De Morton et al., 2007 [24] Physical exercise Intervention: Usual care and individually tailored exercise program designed by a physiotherapist consisted of upper limbs and lower limbs, and trunk exercises. It included four exercise levels; 1: bed exercises 2 sitting exercises 3 standing exercises 4 stair exercises. Gravity, body weight and light weights were used for resistance when possible. Resistance increased when participants could perform 10 repetitions. Participants exercised for 20–30 min sessions, twice daily, 5 days a week supervised by a certified allied health assistant.
Control: usual care only
During hospital stay/admission (median length of stay: 5–6 days) A 167/236
Ortiz-Alonso et al. 2020 [31] Physical exercise Intervention: In addition to usual care, the exercise started the day after admission, was performed on weekdays and included 1 to 3 sessions per day (total duration, ca 20 min/day). It consisted of 1) rising from a seated to an upright position (using armrests/assistance if necessary) in the patient’s room (from 1 to a maximum of 3 sets of up to a maximum of 10 repetitions for each session; 2-min rest between sets and 2) 3–10 min of supervised walking on the corridor, using assistance (mobility aids such as walkers, or an external person) if needed. Standing and walking exercises were separated by a rest period of up to 5 min. The exercises were individually adjusted and supervised by a fitness specialist.
Control: usual care only
During hospitalization (median length of stay:7 days, median training days: 3) Median 3 training
days and 2 training sessions per day.
Holyday et al 2012 [26] Nutrition Intervention: Nutritional screening when hospitalized. Patients confirmed at nutritional risk referred to a dietician. Individualized nutrition intervention aiming to meet energy and protein requirements (ONS, snacks, texture modification and fortification, assistance with meals by ward staff, education of patients and carers, referral for discharge planning). Control: Nutritional screening when hospitalized. Ward not informed about screening result and occasional referral to a dietician. During hospitalization A A
Deutz et al 2016 [33] Nutrition Intervention: Standard nutritional care (usual care) and daily two servings of high energy and protein ONS containing beta-hydroxy-beta metylbutyrat (HMB), during hospitalization and 90 days after discharge. Control: Usual care and a placebo ONS twice daily. During hospitalization/30,
60 and 90 days after discharge
Mean ONS per day:
30 days,
intervention 1.65 (n = 242), control 1.69 (n = 227)
90 days, intervention:1.54 (n = 243),
Control: 1.57 (n = 231)
Lindegaard Pedersen et al 2017 [28] Nutrition Intervention: Standard nutritional care during hospitalization including estimation of energy and protein needs, nutritional therapy and recording of food and fluid intake and discharge arrangements (meal service, food delivery, home care). After discharge individualized counselling and follow-up (1, 2, and 4 weeks after discharge) by a dietician (home visit or by telephone) The patient’s home carer attended the home visits. Patients were encouraged to take active part in their own nutritional care. Control: Standard nutritional care during hospitalization, no follow-up. During hospitalization/30 and 90 days after discharge 80% received three visits, 6% of the home carer attended three home visits. 75/117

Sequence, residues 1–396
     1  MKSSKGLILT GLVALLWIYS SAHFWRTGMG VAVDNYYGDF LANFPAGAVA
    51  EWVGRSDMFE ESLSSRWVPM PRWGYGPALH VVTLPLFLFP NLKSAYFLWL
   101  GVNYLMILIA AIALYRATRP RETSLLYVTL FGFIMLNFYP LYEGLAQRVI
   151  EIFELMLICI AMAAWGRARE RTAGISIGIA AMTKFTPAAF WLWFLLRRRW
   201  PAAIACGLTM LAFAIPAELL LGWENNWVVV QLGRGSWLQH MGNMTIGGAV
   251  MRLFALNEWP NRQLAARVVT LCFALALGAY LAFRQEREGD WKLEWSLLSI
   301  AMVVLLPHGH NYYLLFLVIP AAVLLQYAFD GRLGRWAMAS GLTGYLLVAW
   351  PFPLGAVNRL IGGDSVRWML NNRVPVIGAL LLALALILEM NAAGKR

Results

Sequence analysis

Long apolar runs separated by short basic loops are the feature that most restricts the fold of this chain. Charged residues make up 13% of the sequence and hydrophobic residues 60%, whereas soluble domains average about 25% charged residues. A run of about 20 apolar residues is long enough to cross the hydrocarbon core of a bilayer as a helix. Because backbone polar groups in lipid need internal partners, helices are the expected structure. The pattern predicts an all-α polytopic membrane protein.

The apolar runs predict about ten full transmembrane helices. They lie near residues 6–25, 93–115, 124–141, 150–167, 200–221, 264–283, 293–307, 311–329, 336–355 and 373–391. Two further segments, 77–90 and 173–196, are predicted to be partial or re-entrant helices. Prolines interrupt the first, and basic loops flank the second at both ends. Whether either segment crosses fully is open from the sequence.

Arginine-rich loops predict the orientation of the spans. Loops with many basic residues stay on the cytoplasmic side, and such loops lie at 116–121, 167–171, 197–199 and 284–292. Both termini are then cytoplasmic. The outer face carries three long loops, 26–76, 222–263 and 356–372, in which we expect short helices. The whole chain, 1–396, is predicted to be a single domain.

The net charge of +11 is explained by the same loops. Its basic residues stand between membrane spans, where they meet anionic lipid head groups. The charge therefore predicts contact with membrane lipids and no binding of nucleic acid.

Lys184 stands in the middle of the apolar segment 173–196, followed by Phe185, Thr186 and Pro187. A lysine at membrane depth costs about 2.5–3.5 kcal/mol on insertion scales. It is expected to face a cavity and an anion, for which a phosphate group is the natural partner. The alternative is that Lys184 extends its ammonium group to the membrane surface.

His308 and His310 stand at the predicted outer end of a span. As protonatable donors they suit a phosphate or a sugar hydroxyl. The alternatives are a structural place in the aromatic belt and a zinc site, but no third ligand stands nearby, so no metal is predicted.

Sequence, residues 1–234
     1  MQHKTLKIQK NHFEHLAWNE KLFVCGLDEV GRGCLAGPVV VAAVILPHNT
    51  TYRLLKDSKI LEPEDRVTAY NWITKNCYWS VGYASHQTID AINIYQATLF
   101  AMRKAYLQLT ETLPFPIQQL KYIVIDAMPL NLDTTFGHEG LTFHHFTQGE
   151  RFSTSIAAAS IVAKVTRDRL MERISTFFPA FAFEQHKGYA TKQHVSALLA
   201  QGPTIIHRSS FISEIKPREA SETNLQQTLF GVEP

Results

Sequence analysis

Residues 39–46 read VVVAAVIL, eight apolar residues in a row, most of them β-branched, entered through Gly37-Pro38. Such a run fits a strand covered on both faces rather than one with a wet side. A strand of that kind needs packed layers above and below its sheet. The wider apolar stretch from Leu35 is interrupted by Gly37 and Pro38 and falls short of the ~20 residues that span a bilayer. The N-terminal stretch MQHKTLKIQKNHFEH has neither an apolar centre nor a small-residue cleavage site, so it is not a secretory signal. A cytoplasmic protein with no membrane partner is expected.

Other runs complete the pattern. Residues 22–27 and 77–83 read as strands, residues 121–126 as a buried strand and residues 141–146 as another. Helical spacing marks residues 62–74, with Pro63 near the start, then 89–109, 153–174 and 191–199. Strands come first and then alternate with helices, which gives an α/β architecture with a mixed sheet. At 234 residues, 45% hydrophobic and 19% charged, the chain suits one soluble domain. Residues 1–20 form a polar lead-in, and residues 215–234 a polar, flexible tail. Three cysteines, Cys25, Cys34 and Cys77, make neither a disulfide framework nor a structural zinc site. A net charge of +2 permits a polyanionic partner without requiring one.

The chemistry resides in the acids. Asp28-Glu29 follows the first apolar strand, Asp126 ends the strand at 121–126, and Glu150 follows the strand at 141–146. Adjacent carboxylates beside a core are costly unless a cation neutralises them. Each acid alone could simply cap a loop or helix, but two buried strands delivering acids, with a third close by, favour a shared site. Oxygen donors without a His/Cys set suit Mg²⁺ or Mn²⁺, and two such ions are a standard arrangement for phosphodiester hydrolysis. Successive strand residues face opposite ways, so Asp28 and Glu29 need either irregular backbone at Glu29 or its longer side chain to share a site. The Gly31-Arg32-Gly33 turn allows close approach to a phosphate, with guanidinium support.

Sharma et al 2017 [27] Nutrition Intervention: Nutritional screening and referral to a ward dietician immediately after confirmed nutritional risk, when hospitalized. Individualized nutrition intervention initiated within 24 h upon referral aiming to meet energy and protein requirements (ONS (1–2.2 kcal/ml and 0.05–0.12 g of protein/ml), mid-meal snacks, food fortification, assistance with meals by ward based staff). Follow-up after discharge monthly by telephone. Control: Nutritional screening and referral to a dietitian by their treating clinicians (usual care). Patients at nutritional risk received the same intervention as the intervention group, but no follow-up after discharge. During hospitalization/30 and 84 days after discharge 73% adherence at 1 month and 77% at 2 months. Forty-three (61.4%) control patients received dietitian input during hospital admission with no post-discharge outpatient dietetic follow-up. 103/148
Terp et al 2018 [29] Nutrition Intervention: Nutritional screening and referral to a dietician when needed during hospitalization. Individualized counselling resulting in dietary plan for home, including pre-discharge advice on nutritional intake, combined with three follow-up visits by one trained person from the municipality after discharge (1, 4, and 8 weeks). Prescription of oral nutritional supplements (ONS). Control: Usual care during hospitalization (nutritional screening and referral to a dietician when needed). During hospitalization/90 days after discharge 60% received three visits, 19% received no visits 103/150
  1. A not reported